Tuesday, May 15, 2007

Waste and Perception

Sensible ideas can sure take a long time to come to fruition. St. John's recycling appears to be in the right direction, starting with downtown and another neighbourhood, then spreading out later this year. Mount Pearl started it in 2005. Households could put their recyclables out in separate bags on garbage collection days. Lots of fuel for the recycling industry to grow. It's better late than never, but better earlier than later. Ideally, placing recycling bins in neighbourhoods, blocks, towns, communities, where people can even walk to drop of recyclables, is a big part of the wastage solution. Many currently drop of plastic bottles, aluminum cans, paper, cardboard to several drop of points in St. John's and Mount Pearl. However, it doesn't appear that most people do just yet. One problem is storage, these products take up lots of space. Another is the mindset of garbage disposal convenience, it's easier to simply trash it. This is list of some of Calgary's recycling depots.

Saving bottles, cans, and paper is a great way especially for kids to get some pocket money. If there is little room to save a lot, then those community or local bins should leave no excuse to waste this resource in the usual trash.

Society is saturated with conservation and environmental tips and it's not so unfashionable to save up the "garbage". Unfortunately, there is still much that is wasted by society in general, food, clothes, tin cans, other packaging, automobile parts, etc. Conserving, and hanging on to stuff was/is not fashionable because it still goes against the religiously consumer and tacit doctrine and expectation to purchase "new", and "improved" things, continuously. Part of the psyche may be that throwing used things out is equated with being well-off, i.e., not being so desperate to have to stretch the use of something, or hang on to items to earn a few ever so valuable dollars to get by. Some people do not necessarily think about wasting food, or whatever, as being wasteful, since they perceive not throwing things out as being cheap. Such a perception is helped when advertising is always promoting acquiring new things, and "not settling for less", to "Live richly" (CitiBank), "Making more possible" (ABN AMRO), or, "Just do it" (Nike - in other words, don't think for a second that the pair you bought four months ago is good enough, just buy these).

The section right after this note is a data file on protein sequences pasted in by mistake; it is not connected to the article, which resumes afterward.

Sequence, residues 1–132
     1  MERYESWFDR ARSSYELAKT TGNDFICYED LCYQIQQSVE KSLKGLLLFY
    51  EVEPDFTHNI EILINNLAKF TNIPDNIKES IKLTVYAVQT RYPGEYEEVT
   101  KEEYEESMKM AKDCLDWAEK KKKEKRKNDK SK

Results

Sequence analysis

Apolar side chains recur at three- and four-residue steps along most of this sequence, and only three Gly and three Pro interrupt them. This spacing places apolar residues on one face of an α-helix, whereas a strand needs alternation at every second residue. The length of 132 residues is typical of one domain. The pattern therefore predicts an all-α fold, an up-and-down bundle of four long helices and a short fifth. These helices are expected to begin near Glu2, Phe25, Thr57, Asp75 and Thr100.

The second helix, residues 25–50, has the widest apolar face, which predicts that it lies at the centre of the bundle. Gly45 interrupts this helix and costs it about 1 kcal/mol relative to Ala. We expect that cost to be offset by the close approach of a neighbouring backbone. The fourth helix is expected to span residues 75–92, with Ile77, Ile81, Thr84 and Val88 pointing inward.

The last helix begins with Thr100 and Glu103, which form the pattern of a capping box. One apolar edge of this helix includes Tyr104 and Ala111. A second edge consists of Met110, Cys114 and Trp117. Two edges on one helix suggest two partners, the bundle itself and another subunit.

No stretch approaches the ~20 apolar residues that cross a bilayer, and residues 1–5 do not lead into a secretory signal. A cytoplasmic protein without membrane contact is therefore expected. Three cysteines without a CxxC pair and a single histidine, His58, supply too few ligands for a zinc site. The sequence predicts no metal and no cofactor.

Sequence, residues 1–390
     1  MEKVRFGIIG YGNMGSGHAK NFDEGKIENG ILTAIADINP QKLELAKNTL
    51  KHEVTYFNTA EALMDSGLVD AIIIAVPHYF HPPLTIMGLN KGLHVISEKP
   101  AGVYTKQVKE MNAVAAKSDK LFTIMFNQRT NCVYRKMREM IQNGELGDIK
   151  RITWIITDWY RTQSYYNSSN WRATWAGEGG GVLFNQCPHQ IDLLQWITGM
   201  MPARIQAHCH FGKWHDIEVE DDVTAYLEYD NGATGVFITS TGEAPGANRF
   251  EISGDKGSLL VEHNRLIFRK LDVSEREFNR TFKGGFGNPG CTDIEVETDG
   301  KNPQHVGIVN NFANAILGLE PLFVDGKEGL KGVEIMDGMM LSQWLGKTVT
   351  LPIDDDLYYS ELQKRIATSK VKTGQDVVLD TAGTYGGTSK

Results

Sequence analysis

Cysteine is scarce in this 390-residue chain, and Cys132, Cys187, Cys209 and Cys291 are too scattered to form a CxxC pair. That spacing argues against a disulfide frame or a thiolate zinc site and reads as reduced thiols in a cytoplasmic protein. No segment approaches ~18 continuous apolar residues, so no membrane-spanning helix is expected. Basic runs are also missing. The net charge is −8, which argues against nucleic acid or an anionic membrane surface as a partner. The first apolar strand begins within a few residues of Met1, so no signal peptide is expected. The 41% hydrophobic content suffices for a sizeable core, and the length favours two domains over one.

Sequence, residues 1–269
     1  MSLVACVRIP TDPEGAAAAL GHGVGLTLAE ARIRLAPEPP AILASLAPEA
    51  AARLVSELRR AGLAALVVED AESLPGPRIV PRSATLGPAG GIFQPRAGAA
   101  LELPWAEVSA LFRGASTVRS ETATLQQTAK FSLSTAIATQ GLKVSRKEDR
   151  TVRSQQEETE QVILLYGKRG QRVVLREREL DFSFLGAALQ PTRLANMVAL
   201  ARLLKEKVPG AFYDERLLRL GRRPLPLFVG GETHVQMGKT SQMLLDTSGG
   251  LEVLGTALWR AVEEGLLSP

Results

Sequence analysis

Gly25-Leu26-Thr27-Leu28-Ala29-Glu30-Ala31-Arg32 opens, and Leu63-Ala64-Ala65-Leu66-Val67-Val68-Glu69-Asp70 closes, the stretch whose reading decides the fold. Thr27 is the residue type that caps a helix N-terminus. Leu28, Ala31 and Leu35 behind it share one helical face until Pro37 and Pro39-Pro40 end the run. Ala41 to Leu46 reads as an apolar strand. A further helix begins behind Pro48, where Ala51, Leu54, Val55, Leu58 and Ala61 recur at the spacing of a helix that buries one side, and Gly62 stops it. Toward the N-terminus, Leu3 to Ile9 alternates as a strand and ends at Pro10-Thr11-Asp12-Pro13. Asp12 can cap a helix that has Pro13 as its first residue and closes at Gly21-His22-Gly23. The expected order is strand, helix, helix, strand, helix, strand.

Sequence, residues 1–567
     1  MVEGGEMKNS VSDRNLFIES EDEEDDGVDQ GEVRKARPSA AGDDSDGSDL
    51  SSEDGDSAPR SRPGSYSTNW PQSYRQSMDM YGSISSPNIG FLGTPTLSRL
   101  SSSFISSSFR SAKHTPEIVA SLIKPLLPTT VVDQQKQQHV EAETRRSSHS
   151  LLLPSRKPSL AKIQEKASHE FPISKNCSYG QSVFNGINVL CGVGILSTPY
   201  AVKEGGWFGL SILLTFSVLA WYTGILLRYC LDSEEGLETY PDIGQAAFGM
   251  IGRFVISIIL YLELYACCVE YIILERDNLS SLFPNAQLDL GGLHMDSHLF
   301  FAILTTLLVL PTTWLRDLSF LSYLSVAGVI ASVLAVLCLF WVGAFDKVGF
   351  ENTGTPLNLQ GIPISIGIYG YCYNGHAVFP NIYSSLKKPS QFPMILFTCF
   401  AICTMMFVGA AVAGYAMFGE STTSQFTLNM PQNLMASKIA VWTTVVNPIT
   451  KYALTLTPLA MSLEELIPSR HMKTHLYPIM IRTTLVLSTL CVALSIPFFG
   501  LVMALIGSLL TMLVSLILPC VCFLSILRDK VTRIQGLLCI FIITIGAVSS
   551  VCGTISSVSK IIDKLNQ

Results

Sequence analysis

What will be a "good" problem is bins overflowing with bottles, or cans waiting to be picked up, rather than something like this.

As for food if it's not "recycled" at home, then some of it can be composted. It's not for everyone, and is a bit of extra effort, but maybe there needs to be more promotional nudging of the benefits of doing this. Seeing garbage bins overflowing each week and knowing that 80 - 90% or more can be recycled, reminds us that much more needs to be done. Opportunites to grow the recycling industry, clean up neighbourhoods, use home-made composting material, and simply cutting back on landfill, can be enhanced, if not, then what a waste.

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